For example, in AlexNet, they never specified what loss function they were using.


The output is a probability vector of dimension $1000 \times 1$

So either they are using Euclidean distance with one-hot encoded cateogries.

Or some multi-class logistic regression loss.

Can someone help?

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    $\begingroup$ CNNs are a type of network defined by a characteristic architecture. This has nothing to do with the loss function used for training. Various loss functions can be used, depending on the problem. $\endgroup$ – user20160 Oct 24 '19 at 7:56
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    $\begingroup$ The paper does actually say which loss function they use: "Our network maximizes the multinomial logistic regression objective", which is exactly the cross-entropy. $\endgroup$ – Jan Kukacka Oct 24 '19 at 9:36

In most cases CNNs use a cross-entropy loss on the one-hot encoded output. For a single image the cross entropy loss looks like this:

$$ - \sum_{c=1}^M{(y_c \cdot \log{\hat y_c})} $$

where $M$ is the number of classes (i.e. $1000$ in ImageNet) and $\hat y_c$ is the model's prediction for that class (i.e. the output of the softmax for class $c$). Due to the fact that the labels are one-hot encoded and $y$ is a $(1000 \times 1)$ vector of ones and zeroes, $y_c$ is either $1$ or $0$. Thus, out of the whole sum only one term will actually be added: the one with $y_c=1$.

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    $\begingroup$ “In most cases” needs a citation. CNNs can be used for regressions, or for image segmentation, or for reinforcement learning, or any number of tasks which would not use cross entropy. The loss function is independent of the architecture! $\endgroup$ – kbrose Oct 24 '19 at 13:03
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    $\begingroup$ @kbrose I said "in most cases" just to be modest. I have never seen a CNN for classification trained with anything other than cross entropy. $\endgroup$ – Djib2011 Oct 24 '19 at 19:14
  • $\begingroup$ Who said anything about classification? $\endgroup$ – kbrose Oct 25 '19 at 0:17
  • $\begingroup$ More thoroughly -- the question to me reads like it misunderstands the purpose of CNNs. CNNs are architectures that can be used for classification, but can be used for much more than that. I think an answer that doesn't address that fact is incomplete. That's what I was trying to say with my first comment. $\endgroup$ – kbrose Oct 25 '19 at 0:25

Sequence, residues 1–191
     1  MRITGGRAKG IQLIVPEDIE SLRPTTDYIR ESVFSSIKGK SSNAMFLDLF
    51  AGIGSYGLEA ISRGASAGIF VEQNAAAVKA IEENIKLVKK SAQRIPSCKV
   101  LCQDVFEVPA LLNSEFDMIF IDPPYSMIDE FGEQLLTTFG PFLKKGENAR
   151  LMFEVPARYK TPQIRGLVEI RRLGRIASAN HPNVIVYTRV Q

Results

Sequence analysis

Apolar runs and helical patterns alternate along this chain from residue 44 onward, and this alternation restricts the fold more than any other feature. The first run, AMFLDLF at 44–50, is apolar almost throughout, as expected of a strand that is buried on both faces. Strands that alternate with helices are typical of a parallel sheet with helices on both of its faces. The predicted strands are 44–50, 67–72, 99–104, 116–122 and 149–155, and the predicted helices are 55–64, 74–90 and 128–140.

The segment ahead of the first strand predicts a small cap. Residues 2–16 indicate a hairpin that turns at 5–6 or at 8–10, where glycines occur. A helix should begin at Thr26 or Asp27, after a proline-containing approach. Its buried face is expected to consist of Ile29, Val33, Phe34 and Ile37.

• $\begingroup$ Yes you are correct and if you were just answering to the the question in the title, I would agree with you. But if you read the body of the question, you'll see he implies "classification". For someone whose beginning to learn about CNNs I think it is better to just answer his intended question than to create more questions by introducing more problem settings. $\endgroup$ – Djib2011 Oct 25 '19 at 6:35

As Jan says in a comment, AlexNet uses cross entropy as the loss function.

It's important to note, though, that a Convolutional Neural Network describes the architecture of the network, not the goal of the network. It is the goal of a network that determines the loss function.

CNN architectures can be used for many tasks with different loss functions:

  • multi-class classification as in AlexNet
    • Typically cross entropy loss
  • regression
    • Typically Squared Error loss
  • image segmentation
    • Can use cross entropy loss as well, but can also use several other kinds of loss functions
  • reinforcement learning
    • In Deep Q-Networks, the "Expected discounted accumulated future reward" can be used
  • generative adversarial networks (generating images)
    • The Jensen–Shannon divergence was used in the original implementation
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    $\begingroup$ From the link and from the output vector you can tell he is clearly referring to classification. $\endgroup$ – JkBk Oct 24 '19 at 22:31
  • $\begingroup$ I answered the title in the question. The body text of the question says “for example”, i.e. the OP is asking about the general case. I don’t know if it’s “clear” at all. $\endgroup$ – kbrose Oct 25 '19 at 0:16
  • $\begingroup$ I also answer the specific question in my very first sentence. $\endgroup$ – kbrose Oct 25 '19 at 0:16

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